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I have a rather large table (1,8GB, 25M records), with indexes on every important column (those I use WHERE or other selectors with). The engine is MyISAM, I've heard people recommend switching to InnoDB but many others said MyISAM is faster with large amounts of data in terms of counting (and InnoDB better for safe transactions).

Now, sometimes, I do a set of simple stats queries (so I see where we stand):

(A) SELECT COUNT(username) FROM superLargeTable
(B) SELECT COUNT(username) FROM superLargeTable WHERE firstname IS NOT NULL
(C) SELECT COUNT(username) FROM superLargeTable WHERE firstname IS NULL

If the table has been updated recently (and the caches are invalid), these are the query times measured by the slow query log:

A: 71 seconds (Lock:0s) (Rows:1) B: 47 seconds (Lock:0s) (Rows:1) C: 20 seconds (Lock:0s) (Rows:1)

A second run, obviously (since it's cached then) results in almost instant data.

I have indexes on all the relevant columns (pretty much on almost all of them). I still juggle with recommendations saying that indexes on many columns is very bad design, on the other hand, I totally need it since the queries would all time out otherwise.

I do have quite a few burst-type inserts and updates, firing at the table on irregular intervals (sometimes every minute, with up to 5000 inserts/updates fast-burst), sometimes with a few minutes in between.

The data needs to be in sync, so I can't split up into a read-only slave and just work with that.

Any idea why a simple COUNT takes so long? Is there a secret alternative command that tells me how many records are in a row, with a single, certain criteria?

Really puzzled. Server is an 8GHz, 8/16GB RAM, 160GB disk (10% in use or so) and the queries are all run locally and not transferred over the web.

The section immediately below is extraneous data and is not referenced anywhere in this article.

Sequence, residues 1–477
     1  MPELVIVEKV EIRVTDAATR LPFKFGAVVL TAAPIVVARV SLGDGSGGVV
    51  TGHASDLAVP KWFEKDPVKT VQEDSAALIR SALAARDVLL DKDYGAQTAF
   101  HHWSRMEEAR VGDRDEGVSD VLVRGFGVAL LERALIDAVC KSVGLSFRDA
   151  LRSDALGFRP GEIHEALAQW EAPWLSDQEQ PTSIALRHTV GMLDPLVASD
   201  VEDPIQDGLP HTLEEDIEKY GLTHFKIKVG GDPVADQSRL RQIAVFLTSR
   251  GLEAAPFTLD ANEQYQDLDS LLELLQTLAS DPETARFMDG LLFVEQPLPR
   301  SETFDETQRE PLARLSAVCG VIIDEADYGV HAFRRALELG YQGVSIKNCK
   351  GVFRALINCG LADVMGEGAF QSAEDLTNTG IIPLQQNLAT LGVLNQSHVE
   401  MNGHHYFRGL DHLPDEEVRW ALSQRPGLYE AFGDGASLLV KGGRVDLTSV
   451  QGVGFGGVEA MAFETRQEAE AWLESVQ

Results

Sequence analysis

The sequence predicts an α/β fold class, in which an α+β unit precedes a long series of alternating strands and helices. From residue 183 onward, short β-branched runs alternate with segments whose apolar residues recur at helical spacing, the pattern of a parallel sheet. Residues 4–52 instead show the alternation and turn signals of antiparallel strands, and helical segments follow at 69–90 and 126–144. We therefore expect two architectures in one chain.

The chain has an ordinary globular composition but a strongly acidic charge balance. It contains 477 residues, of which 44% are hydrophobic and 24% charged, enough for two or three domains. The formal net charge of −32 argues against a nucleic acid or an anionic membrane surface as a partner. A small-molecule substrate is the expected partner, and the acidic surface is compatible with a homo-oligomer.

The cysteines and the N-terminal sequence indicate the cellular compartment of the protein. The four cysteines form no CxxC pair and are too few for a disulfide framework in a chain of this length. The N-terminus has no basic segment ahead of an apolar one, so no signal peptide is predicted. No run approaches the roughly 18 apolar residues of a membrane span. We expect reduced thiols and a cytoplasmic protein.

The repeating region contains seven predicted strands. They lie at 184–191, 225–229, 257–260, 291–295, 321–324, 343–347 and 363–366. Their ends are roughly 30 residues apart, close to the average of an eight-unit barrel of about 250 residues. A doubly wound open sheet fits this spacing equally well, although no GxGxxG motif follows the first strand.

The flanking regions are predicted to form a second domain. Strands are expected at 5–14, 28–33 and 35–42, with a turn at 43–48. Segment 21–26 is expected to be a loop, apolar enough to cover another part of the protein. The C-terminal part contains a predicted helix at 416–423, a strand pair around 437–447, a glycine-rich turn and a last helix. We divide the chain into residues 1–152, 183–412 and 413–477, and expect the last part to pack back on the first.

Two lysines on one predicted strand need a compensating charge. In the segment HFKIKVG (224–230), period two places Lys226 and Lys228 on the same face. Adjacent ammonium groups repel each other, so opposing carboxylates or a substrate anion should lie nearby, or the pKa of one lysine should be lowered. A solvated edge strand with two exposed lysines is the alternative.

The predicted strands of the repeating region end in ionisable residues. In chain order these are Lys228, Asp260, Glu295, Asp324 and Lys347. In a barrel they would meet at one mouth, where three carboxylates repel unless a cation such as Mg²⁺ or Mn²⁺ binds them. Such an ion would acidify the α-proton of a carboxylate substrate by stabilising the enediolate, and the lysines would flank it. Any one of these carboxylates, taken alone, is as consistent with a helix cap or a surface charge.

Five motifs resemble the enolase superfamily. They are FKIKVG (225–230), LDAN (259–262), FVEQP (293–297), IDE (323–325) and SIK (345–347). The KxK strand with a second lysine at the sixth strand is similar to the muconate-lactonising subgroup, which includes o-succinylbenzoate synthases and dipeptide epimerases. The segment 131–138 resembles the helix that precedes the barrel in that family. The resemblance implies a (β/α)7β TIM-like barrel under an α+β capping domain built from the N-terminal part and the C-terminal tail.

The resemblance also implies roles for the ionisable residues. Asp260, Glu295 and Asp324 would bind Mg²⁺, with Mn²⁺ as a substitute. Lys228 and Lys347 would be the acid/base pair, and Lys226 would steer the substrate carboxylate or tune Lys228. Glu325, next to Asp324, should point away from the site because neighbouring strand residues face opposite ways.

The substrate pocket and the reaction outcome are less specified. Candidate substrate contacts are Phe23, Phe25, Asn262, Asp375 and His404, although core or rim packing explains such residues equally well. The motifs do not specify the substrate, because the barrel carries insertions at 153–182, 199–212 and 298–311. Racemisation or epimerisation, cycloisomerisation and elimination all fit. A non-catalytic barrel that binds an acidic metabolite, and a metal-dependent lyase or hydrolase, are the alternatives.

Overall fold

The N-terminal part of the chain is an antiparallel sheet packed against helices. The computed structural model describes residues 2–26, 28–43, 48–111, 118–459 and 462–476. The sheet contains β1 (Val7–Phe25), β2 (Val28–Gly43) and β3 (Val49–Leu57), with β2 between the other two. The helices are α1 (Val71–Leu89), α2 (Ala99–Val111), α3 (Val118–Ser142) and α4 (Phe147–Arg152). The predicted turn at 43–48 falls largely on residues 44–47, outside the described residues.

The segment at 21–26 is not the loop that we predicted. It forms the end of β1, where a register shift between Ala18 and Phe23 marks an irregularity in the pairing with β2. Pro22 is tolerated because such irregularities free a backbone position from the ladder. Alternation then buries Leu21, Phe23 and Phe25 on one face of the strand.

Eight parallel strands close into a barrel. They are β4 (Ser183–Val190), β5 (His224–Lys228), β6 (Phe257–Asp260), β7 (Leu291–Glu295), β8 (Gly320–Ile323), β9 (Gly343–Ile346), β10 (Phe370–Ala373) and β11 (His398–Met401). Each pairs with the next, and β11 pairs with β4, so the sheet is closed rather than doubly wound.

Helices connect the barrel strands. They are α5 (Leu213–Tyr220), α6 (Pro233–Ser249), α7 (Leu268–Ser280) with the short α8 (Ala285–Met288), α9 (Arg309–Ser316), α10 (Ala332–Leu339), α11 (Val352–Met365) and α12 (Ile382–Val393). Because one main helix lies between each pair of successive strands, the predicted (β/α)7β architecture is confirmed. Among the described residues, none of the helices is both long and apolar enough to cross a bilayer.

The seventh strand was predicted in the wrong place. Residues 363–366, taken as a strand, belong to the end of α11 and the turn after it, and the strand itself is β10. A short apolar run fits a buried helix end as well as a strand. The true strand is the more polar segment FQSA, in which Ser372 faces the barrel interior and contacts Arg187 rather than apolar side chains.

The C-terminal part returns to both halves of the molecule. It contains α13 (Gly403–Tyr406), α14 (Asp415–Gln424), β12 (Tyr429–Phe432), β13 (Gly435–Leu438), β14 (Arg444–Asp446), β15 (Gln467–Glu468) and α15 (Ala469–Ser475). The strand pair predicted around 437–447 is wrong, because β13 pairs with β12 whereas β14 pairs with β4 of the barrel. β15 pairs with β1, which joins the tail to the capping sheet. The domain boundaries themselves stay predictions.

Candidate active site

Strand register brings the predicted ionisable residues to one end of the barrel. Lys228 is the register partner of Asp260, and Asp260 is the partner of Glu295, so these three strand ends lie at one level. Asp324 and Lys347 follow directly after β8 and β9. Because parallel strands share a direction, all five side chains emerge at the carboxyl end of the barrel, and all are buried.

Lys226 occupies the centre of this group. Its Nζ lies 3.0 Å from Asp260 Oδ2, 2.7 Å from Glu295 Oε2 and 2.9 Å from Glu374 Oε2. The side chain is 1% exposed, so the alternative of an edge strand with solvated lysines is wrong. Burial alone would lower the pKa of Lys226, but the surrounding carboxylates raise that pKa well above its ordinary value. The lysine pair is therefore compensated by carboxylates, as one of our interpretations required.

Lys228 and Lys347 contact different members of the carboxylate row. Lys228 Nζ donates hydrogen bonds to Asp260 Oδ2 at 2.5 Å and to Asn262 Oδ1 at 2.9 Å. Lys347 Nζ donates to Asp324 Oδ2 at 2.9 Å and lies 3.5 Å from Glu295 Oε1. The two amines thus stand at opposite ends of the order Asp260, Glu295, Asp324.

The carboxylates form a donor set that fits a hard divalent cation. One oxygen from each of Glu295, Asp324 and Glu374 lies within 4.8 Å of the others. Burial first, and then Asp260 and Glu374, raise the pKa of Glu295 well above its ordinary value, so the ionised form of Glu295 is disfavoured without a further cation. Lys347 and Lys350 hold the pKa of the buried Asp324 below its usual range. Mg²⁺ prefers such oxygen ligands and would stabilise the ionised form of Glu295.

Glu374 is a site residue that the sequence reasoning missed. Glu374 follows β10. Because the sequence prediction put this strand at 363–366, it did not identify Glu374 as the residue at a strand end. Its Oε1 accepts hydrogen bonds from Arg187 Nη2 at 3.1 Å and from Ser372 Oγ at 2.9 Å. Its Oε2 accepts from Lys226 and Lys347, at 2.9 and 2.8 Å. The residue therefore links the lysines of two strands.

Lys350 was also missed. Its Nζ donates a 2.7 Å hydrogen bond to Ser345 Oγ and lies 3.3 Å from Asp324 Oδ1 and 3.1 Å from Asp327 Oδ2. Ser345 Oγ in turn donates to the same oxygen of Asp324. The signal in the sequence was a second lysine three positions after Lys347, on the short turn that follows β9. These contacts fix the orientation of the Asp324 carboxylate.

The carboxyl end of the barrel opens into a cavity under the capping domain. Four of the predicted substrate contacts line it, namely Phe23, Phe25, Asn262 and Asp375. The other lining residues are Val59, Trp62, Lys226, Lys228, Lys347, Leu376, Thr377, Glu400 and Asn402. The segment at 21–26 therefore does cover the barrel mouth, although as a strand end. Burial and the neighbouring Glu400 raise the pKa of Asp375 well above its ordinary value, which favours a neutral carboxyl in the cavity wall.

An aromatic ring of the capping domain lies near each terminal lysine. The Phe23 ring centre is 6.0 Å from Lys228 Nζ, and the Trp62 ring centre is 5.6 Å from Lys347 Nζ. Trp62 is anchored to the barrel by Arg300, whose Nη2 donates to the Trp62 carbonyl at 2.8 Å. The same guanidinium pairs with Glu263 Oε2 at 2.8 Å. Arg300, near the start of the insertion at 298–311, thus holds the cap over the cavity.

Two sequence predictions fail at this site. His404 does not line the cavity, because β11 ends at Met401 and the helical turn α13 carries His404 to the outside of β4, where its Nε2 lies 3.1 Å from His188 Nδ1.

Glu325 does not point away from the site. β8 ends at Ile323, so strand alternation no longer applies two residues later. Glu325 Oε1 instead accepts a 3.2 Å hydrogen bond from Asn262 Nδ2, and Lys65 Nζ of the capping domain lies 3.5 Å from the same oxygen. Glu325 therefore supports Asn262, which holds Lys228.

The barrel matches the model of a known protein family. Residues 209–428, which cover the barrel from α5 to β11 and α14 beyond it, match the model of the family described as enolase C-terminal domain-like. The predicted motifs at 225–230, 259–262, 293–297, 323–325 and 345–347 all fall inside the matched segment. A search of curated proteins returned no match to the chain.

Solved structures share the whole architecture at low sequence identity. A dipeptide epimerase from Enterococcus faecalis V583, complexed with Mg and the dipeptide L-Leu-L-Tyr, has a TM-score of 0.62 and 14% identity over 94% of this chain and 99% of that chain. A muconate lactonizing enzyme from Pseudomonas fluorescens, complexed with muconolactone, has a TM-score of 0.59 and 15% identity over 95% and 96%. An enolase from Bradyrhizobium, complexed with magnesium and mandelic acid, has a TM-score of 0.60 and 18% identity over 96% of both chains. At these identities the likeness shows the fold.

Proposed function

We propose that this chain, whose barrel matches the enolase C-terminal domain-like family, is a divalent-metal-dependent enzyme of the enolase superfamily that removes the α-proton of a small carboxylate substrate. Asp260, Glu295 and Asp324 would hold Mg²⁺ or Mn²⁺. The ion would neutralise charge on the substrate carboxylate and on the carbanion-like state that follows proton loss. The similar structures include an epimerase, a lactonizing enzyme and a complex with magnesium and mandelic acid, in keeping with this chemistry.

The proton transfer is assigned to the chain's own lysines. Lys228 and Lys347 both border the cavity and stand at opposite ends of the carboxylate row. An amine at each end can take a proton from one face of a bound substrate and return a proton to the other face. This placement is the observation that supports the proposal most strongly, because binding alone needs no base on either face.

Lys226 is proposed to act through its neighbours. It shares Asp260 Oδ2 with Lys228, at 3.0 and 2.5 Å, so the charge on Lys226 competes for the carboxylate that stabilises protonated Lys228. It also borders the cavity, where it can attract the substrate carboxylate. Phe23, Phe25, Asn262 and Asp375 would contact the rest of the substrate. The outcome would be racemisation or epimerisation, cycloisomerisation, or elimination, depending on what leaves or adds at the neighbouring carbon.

Willing to help with more data/information if required.

Edit 1: EXPLAIN command for query A returns this:

select_type=SIMPLE
type=index
possible_keys=NULL
key=followers (this is the actual username column in the imaginary query above)
key_len=9
ref=NULL
rows=24408162
Extra=Using index

Edit 2: @theHe recommended a great tool: mysqltuner.pl – here are the results (the issues):

[!!] Total fragmented tables: 15
[!!] Maximum possible memory usage: 30.7G (767% of installed RAM)
[!!] Query cache efficiency: 8.6% (5M cached / 59M selects)
[!!] Joins performed without indexes: 19031
[!!] Temporary tables created on disk: 48% (993K on disk / 2M total)
[!!] Table cache hit rate: 0% (64 open / 27K opened)

And these are the recommendations:

-------- Recommendations -----------------------------------------------------
General recommendations:
Run OPTIMIZE TABLE to defragment tables for better performance
Reduce your overall MySQL memory footprint for system stability
Adjust your join queries to always utilize indexes
When making adjustments, make tmp_table_size/max_heap_table_size equal
Reduce your SELECT DISTINCT queries without LIMIT clauses
Increase table_cache gradually to avoid file descriptor limits
Variables to adjust:
*** MySQL's maximum memory usage is dangerously high ***
*** Add RAM before increasing MySQL buffer variables ***
query_cache_limit (> 10M, or use smaller result sets)
join_buffer_size (> 128.0K, or always use indexes with joins)
tmp_table_size (> 32M)
max_heap_table_size (> 16M)
table_cache (> 64)

share|improve this question
1  
check your query with EXPLAIN and maybe append the result? –  TheHe Aug 23 '12 at 9:00
    
"I have indexes on all the relevant columns" -- but MySQL will only use one index. Do you have a suitable compound index, containing each column on which your query performs a lookup in a sensible order? –  eggyal Aug 23 '12 at 9:03
    
@thehe I am checking with EXPLAIN in a second, will report back. –  James Stone Aug 23 '12 at 9:05
1  
@RomanMittermayr: If you're not interested in when username is NULL, I'd suggest doing COUNT(*) for query A, COUNT(firstname) for query B (no WHERE clause) and just subtract the two for query C. –  eggyal Aug 23 '12 at 9:12
1  
As a note: the remark that myisam is faster than innodb no longer is valid. Its more situational now, you should try it both ways. Both read and write operations vary, but most of the time, innodb seems faster in all scenarios. –  Tuncay Göncüoğlu Sep 18 '14 at 7:01

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